Over the past several years and most recently with the death of George Floyd, policing reform has become an important topic across America. As stated before in the message to our community, “The women and men of the Culver City Police Department continually strive to not only provide the highest level of public safety to our community, but to do so in a manner that is compassionate, professional, and is reflective of the diverse community we serve. Any lack of compassion or abuse of authority doesn’t just tarnish our badge; it tears at the very fabric of law enforcement and community relations.”
Here at the Culver City Police Department, community concerns have been heard, and we wanted to take a moment to provide additional information on the questions we’re receiving regarding training, including topics such as implicit bias, de-escalation, and use of force.
We have received many inquiries from the Culver City community about our Police Department’s policies and how they may or may not meet some of the guidelines being advocated for by police reform organizations. We’ve re-examined our policies and feel that most, if not all, directly align with the spirit of what is being asked for in the recommendations, however there are nuances in verbiage. This is how our policies compare to the “8cantwait.org” website’s recommendations:
• Ban chokeholds and strangleholds – The Culver City Police Department does not allow “chokeholds” or “strangleholds.”. The Carotid Restraint Hold was an approved technique that is no longer acceptable and has been removed from our policy.
• Require de-escalation – De-escalation is interwoven into the department’s operations and is included in the department’s policies for crisis intervention, conducted energy devices (Tasers), mental illness, and civil disputes. The Culver City Police Department is implementing a more comprehensive and inclusive de-escalation policy.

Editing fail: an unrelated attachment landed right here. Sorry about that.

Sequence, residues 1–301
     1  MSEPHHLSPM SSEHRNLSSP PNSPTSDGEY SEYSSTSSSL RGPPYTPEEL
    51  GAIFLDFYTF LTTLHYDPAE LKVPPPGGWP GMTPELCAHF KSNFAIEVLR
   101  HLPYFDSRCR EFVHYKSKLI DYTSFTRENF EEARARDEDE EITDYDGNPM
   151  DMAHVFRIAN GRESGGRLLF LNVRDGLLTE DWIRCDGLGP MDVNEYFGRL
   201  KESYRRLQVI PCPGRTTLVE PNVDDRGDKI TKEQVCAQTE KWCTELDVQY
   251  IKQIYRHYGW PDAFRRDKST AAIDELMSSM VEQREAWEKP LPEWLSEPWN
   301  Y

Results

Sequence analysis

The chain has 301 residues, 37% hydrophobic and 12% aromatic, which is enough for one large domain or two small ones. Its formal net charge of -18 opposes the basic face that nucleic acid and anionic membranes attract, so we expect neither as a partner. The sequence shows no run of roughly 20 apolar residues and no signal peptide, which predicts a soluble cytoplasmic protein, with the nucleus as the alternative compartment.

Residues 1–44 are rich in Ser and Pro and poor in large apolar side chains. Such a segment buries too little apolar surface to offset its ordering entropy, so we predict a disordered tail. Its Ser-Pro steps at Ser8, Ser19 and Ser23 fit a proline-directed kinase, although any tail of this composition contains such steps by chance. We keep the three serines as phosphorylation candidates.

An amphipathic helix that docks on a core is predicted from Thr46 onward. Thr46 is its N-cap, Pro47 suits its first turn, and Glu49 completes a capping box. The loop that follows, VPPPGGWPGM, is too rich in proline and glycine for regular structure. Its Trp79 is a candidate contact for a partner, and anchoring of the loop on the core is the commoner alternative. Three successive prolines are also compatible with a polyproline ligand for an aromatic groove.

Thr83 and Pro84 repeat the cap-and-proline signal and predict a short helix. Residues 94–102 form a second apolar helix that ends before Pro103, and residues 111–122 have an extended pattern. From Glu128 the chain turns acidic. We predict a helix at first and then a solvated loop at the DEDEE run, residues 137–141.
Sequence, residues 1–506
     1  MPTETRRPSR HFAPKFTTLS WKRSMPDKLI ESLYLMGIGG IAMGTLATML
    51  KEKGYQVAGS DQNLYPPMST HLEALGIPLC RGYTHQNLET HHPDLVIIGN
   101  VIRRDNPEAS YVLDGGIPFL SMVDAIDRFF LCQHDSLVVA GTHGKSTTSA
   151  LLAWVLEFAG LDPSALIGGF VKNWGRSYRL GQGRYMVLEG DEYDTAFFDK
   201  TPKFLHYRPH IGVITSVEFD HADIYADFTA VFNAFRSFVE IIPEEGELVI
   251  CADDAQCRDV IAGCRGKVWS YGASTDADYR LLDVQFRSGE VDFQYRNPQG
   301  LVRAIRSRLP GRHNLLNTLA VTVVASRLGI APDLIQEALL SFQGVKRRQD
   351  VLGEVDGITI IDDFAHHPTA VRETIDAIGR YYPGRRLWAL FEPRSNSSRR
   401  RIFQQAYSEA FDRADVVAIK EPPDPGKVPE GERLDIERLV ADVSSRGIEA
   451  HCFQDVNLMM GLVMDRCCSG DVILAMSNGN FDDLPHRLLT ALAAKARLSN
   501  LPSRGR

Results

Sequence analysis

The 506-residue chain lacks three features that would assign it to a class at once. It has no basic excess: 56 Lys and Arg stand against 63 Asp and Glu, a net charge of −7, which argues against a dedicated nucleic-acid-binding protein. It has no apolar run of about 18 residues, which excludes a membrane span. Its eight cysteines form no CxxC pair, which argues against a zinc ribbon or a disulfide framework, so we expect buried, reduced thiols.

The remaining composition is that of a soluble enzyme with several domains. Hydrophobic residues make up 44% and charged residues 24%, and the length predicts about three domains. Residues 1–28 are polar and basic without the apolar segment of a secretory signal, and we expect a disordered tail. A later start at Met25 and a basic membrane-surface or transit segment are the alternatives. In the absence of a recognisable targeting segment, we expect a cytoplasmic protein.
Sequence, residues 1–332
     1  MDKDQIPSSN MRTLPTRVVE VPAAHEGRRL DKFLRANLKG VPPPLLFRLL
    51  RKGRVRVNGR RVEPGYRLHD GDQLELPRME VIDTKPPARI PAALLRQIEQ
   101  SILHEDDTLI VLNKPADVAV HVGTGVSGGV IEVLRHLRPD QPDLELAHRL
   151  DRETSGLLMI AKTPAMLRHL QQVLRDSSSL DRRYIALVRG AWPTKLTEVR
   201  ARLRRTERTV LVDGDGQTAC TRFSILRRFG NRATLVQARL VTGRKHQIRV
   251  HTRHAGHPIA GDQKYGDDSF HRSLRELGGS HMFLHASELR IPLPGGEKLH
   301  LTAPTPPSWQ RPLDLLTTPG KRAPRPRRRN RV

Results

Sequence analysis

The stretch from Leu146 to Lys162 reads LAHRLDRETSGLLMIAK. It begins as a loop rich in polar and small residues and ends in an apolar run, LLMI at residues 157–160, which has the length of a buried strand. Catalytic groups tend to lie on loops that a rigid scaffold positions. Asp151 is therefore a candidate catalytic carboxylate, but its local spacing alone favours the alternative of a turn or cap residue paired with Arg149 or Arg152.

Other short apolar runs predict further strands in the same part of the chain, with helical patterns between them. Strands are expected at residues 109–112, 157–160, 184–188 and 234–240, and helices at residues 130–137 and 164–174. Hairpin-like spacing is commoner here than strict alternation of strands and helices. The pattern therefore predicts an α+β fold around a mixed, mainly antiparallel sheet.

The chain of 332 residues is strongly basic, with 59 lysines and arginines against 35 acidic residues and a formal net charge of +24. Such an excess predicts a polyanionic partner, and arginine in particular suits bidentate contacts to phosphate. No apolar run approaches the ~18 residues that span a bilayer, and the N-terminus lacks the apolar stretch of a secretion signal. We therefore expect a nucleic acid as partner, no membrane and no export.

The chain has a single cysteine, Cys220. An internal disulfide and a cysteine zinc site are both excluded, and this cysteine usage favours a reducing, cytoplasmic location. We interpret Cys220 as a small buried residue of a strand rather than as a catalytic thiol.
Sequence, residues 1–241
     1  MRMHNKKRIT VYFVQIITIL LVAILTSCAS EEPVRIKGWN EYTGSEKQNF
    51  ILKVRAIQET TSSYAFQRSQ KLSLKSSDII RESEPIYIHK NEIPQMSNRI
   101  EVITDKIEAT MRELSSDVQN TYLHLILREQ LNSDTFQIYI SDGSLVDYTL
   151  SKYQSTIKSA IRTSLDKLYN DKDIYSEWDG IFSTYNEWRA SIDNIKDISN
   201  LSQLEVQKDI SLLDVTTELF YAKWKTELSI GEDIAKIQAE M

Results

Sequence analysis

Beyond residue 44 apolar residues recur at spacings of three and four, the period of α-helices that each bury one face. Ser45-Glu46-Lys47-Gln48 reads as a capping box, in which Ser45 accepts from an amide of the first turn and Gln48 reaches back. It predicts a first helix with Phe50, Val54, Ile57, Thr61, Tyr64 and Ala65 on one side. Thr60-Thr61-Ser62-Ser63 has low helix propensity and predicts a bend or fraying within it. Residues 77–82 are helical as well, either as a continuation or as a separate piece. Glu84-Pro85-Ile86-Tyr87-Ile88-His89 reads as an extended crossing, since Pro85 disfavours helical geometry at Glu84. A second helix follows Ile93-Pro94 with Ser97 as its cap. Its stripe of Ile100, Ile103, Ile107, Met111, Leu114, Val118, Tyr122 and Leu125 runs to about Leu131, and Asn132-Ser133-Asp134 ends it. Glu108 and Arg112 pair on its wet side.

• Require warning before shooting – In situations of a person fleeing who an officer reasonably believes will cause death or serious injury if not immediately apprehended, the officer, where feasible, should identify themselves and issue a verbal warning that deadly force may be used.
• Exhaust all other means before shooting – Our policy requires that officers evaluate the use of other reasonably available resources and techniques when determining whether to use deadly force, and deadly force is only used when there is an imminent threat of death or serious injury to the officer or another person.
• Duty to intervene and stop excessive force by other officers – Our policy mandates a duty to intercede and immediately report misconduct to a supervisor. If any officer observes another officer using force that is unreasonable or excessive or any other misconduct, they shall report it directly to department supervision without delay.
• Ban shooting at moving vehicles – While our policy does not prohibit shooting at moving vehicles, it is highly discouraged and permitted only when the driver poses a deadly threat. This is consistent with suggestions made from other police reform organizations.
• Require use-of-force continuum – Law enforcement agencies vary whether they incorporate a use-of-force continuum. Continuum’s do not require officers start with one level of force before moving to another. Our policies require officers to use only that amount of force that appears reasonably necessary given the facts and totality of the circumstances.